Extension of the gunpowder mills. A group of mills were built here soon after the site opened and a new canal and head race built to power them. This was a press house, corning and reeling houses, and two more powder mills. Soon after a sulphur subliming plant was built of which the foundations survive and then, in 1814, two horse powered corning mills. In the 1850s more mills were built here including some steam power and the site continued to be used until the Great War. Building remained here into the 1950s among heavy undergrowth. Group B Incorporating Mills were demolished in 1963 for north- south road building and in the late 1960s the Rammey Marsh Flood Relief Channel was built through the site.
Bank which lies towards the south but near the flood relief barrier – this is made up of refuse material laid on top of the remains of a canal which had gunpowder mills on both sides. There are some brick structures remaining associated with it which are the remains of an Incorporating Mill
Hollow – this is north of the flood control gates and west of the track and it marks the course of the canal and the site of the mill head race.
Bank – this is west of the hollow marking the canal and on the far side of it is the site of 19th Proof Butts.
Sulphur Refinery – the foundations of these lie to the north of the site of the Proof Butts,
Track – beneath the track lie remains of steam driven Gunpowder Incorporating Mills and a Boiler House built in 1859.
The road appears to follow the route of the rail line into the Gunpowder Works from Brimsdown. This probably dated from the 1890s, was consiolidated with other railways in 1917 and closed in the 1920s.
Road Bridge over the river Lee. Adjacent to this are the remains of an earlier footbridge which was within the Royal Gunpowder Mills site.
Foundations of store buildings lie north of the road bridge with the Millhead Stream on their eastern site.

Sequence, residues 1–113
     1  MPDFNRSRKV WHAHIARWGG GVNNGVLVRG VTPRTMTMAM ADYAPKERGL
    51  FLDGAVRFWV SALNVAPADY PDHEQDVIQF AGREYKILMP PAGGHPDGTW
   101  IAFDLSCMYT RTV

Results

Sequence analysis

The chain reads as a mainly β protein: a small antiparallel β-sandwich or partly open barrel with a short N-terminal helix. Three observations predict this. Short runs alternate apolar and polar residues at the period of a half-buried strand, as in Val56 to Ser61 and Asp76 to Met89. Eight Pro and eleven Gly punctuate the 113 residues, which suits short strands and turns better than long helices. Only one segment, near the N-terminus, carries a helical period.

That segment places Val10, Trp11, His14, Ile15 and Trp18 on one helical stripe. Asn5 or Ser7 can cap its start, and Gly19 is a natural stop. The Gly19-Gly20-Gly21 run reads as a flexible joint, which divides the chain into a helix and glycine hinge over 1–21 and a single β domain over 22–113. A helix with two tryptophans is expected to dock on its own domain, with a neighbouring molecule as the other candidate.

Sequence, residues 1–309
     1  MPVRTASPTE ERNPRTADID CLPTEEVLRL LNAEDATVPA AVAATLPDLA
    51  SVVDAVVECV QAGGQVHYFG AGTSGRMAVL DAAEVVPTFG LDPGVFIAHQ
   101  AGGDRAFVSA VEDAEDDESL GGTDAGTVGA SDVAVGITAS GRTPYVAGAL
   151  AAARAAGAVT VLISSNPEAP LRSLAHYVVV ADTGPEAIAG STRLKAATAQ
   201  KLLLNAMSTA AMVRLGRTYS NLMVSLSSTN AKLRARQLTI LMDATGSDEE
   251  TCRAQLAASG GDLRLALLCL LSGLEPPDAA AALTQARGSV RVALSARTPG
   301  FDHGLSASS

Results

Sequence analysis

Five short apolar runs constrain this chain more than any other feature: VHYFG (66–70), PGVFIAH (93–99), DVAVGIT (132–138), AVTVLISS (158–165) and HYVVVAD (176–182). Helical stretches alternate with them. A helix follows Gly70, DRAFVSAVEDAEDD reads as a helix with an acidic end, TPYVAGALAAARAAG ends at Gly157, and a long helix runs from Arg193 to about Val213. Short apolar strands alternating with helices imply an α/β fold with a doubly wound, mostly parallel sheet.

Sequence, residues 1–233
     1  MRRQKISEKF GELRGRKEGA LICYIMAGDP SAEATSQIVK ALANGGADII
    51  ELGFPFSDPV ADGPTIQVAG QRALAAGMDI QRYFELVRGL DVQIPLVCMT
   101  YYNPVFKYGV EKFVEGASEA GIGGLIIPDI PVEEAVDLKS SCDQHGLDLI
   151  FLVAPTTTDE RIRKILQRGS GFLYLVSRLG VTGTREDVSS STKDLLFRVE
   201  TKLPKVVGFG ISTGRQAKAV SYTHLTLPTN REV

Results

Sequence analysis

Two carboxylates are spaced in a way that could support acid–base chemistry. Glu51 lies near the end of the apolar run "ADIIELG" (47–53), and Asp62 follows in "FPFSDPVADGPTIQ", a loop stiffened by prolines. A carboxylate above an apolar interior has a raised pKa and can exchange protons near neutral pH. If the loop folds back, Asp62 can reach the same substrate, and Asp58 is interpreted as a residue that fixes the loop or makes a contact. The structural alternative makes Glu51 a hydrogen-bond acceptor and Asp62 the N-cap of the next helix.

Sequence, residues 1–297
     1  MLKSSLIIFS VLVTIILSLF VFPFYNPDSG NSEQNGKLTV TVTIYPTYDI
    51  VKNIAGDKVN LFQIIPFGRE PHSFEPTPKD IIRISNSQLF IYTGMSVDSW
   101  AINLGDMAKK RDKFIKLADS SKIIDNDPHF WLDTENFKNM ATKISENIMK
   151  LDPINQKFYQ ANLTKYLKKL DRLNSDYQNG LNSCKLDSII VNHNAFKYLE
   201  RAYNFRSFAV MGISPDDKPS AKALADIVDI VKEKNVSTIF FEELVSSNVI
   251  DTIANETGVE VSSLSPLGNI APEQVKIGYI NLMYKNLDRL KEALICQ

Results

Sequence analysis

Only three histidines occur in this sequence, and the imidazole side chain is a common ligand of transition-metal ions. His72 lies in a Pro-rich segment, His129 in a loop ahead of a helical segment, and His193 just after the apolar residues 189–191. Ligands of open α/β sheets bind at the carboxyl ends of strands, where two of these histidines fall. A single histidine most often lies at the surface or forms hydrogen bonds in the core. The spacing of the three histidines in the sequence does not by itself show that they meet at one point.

Old River Lea
Replaced as the navigational stream in 1769
Two swing bridges had to be provided for the Gunpowder works railway. These had a central concrete pier with one fixed span and the other pivoting central with half its length on land.
9 19th brick building which was additional office accommodation for the Royal Gunpowder Factory during its expansion at the time of the Napoleonic Wars.
Boiler House. Built 1857 in brick. This includes the Dynamo House built 1902 added to the boiler house. It is brick with Iron roof trusses inside. Built to provide power for the first steam-powered incorporating mills. The Dynamo House marks change from steam to electric power, and a change to cordite reeling.
Engine House and Mechanics' Shop. Built 1857 in brick. In 1859 a Motor Room was added. Inside are octagonal cast-iron columns with ornate capitals. A 30-horsepower Compound Steam Engine. Drove six incorporating mills
The Lodge. Built as house for senior officers at the Factory.
Ramney Marsh Flood Relief Channel
This runs parallel to the Navigation
Small Lea Bridge
Holdbrook Christian Fellowship
Lea Valley White Water Centre
Suggested that this was an area of Saxon settlement
Gravel Pit active in the 1960s and subsequently turned into playing fields. Its construction however destroyed much of the head race to the mills.
Area of sports activities with a leisure centre to the west of here
Posted by M at 12:15